Last week I was having a beer with a good friend. Let’s call him Mike.
Mike’s situation looks like this:
- 6-month old newborn.
Pretty common, right?
We were talking about savings, retirement, and how his kid's college fund will look in 18-years.
Although Mike has a pension through work, he’s never really had time to sit down and go through all the possible investment options available to him, nor create an investment strategy for the long haul. With so many options available, and now with a newborn, he didn’t know where to start.
I explained to Mike, getting to retirement is actually not as complicated as it seems, and mostly, it’s the financial industry who make it sound complicated to justify their high fees.
setup your accounts
I asked if he had an RRSP and TFSA, which he does. Setting up these accounts is probably the most time-consuming part of the entire investing process, believe it or not!
change one small thing
Next, I asked Mike where he gets his morning coffee. He enthusiastically said Starbucks. I then asked Mike a simple question:
“What if you could have $78,000 in tax-free money with the option of retiring two years sooner. What would that be worth to you?"
He said, “Absolutely, that would be amazing! What do I have to do?”
I said, “Simple – all you have to do is start making coffee at home.”
He called bullshit, saying there’s no way his morning coffee was worth $78k and two years of his life! So, we crunched the numbers. Here’s how it played out…
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do the math...actually
Mike’s large morning cafe latte at Starbucks costs $4.15, plus tax brings it to $4.36.
Usually paying a $5 bill he tips the remaining $0.64. In total, his morning coffee costs $5.
Mike only goes to Starbucks on weekdays, so he spends $25/week on lattes.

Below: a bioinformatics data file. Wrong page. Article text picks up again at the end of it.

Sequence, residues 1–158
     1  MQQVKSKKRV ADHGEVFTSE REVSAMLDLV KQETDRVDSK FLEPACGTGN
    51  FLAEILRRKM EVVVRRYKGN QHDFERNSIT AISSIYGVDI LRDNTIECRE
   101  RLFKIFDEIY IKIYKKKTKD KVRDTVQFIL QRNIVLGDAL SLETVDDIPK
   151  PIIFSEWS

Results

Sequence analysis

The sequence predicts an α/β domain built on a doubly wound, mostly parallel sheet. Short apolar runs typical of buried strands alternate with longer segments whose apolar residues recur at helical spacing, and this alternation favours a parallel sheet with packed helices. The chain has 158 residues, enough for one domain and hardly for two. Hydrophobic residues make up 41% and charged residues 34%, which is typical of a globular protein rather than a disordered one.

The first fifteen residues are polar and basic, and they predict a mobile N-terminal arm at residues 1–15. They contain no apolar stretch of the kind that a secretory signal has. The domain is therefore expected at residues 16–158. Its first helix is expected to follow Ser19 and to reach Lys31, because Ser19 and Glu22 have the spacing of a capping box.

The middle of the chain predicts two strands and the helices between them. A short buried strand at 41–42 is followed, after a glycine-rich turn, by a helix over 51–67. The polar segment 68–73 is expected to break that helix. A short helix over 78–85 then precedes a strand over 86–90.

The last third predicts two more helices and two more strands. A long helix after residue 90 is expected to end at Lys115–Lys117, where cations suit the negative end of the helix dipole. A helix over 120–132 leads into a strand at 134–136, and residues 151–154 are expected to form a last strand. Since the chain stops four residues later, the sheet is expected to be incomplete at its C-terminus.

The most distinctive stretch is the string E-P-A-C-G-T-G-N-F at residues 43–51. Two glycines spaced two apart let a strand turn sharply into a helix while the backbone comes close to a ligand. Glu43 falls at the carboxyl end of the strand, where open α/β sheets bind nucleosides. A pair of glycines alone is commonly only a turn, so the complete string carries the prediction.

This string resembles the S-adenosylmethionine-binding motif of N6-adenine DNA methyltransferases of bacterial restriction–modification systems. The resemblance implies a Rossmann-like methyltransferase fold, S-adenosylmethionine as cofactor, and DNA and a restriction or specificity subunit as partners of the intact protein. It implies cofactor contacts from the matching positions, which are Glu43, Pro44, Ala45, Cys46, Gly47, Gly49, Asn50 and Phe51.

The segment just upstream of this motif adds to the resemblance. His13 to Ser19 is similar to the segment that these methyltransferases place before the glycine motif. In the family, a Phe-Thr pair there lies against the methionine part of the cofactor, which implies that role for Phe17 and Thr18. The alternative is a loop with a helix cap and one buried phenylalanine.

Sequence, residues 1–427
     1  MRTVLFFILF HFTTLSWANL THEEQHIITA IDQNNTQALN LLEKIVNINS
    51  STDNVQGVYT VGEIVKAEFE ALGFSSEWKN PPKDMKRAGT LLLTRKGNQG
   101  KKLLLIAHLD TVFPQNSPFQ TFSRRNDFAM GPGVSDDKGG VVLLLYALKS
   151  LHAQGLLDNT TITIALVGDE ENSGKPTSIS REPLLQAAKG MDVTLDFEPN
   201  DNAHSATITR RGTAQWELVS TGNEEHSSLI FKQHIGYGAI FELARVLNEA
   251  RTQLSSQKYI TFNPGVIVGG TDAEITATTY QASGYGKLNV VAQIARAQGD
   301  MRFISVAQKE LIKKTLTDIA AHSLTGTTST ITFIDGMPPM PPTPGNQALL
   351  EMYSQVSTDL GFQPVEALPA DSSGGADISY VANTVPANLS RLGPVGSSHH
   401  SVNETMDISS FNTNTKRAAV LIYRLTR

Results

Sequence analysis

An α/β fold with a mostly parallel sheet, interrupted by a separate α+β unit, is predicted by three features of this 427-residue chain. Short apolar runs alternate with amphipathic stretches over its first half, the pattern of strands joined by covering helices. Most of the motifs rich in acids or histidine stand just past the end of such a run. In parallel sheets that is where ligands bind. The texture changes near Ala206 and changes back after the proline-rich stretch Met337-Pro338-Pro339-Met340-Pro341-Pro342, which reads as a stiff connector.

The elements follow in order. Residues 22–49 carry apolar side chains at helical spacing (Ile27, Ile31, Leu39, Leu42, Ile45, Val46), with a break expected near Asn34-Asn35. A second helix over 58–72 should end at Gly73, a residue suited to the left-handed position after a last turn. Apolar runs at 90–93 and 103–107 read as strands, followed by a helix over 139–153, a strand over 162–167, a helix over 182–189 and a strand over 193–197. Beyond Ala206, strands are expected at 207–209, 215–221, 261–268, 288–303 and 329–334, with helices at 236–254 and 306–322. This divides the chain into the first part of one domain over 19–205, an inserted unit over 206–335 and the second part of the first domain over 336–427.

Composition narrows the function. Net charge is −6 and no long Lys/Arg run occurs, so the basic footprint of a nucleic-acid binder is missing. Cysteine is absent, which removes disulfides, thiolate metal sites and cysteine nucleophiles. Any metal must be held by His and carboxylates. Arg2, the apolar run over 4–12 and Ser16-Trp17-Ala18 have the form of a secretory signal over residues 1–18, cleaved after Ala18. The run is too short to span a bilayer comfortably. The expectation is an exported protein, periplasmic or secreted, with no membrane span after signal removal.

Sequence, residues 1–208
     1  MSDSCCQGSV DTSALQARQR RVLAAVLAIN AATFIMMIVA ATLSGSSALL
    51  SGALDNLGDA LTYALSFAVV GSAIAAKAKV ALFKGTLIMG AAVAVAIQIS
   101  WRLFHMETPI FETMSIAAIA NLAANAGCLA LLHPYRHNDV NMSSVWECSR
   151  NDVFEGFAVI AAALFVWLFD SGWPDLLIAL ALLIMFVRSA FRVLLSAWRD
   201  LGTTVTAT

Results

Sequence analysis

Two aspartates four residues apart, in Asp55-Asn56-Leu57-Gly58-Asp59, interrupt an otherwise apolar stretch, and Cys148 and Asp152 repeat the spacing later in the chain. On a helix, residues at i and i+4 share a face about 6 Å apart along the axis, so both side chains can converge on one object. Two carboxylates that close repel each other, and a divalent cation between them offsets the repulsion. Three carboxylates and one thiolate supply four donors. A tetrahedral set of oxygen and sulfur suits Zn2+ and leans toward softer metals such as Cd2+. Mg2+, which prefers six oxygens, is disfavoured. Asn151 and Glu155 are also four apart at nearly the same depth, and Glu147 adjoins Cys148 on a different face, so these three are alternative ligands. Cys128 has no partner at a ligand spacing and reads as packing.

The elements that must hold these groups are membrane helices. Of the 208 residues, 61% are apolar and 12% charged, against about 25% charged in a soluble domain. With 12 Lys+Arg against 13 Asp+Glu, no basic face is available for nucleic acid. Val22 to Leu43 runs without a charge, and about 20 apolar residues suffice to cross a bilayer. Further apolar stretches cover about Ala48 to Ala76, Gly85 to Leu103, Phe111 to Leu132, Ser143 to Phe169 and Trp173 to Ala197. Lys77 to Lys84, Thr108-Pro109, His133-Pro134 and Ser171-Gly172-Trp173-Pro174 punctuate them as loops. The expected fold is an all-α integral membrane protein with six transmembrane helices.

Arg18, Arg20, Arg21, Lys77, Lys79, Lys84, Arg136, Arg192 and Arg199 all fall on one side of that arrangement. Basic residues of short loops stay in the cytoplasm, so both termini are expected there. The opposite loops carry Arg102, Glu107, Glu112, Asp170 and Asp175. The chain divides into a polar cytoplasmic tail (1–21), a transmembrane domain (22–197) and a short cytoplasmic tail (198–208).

$25 doesn’t seem like a lot of money to most. And on the surface, it isn’t. But what most people don’t visualize is the incredible opportunity cost, and the power $25 has to grow over time.
We kept crunching…
Know your opportunity cost
$25/week equals $100/month, or $1,200/year. Now we’re getting into some serious numbers!
My next question for Mike was, "When do you want to retire?"
In order to maximize his pension, Mike plans to work until age 60 – again, quite common. Currently 35-years old, Mike has 25 more years, after which he’ll collect approximately $45k in annual pension income.
25-years is a long time. A lot can be achieved.
Since Mike has a TFSA, I then asked how he was using it to save money. He explained it’s where he kept their vacation fund – a few thousand dollars for an annual Mexico beach trip.
I asked Mike,
“What if you simply invested your daily $5 latte into your TFSA, what would that look like by the time you’re ready for retirement in 25-years?”
$25/week works out to $30,000 over 25 years. Once we include inflation and interest, Mike's $5 latte is worth approximately $48,400.
Not bad, but we can do better...
The Key to an Early Retirement: Maximize your Opportunity Cost
Mike knows a bit about investing and stocks, but is no financial wizard.
I asked if he knew about ETF's. To my surprise, he was familiar with them, although had never bought one himself.
Most of Mike’s investment knowledge comes from his recollection of the 2008 stock market crash, and he assumes stocks are risky investments. No way did he have enough knowledge or confidence in his investing abilities to feel safe about not losing money.
Thankfully, given Mike’s basic education of ETF’s, he was able to understand how they are one of the safest and best-diversified investment options available.
Just ask Warren Buffet who recently won $2.2 million on a bet between himself and a group of all-star hedge fund managers.
Buffett predicted that a simple low-cost, basic index ETF would outperform hedge funds. He argued that, over time, active investment management by professionals would under-perform the returns of amateurs who were passively investing.
Alright, back to Mike...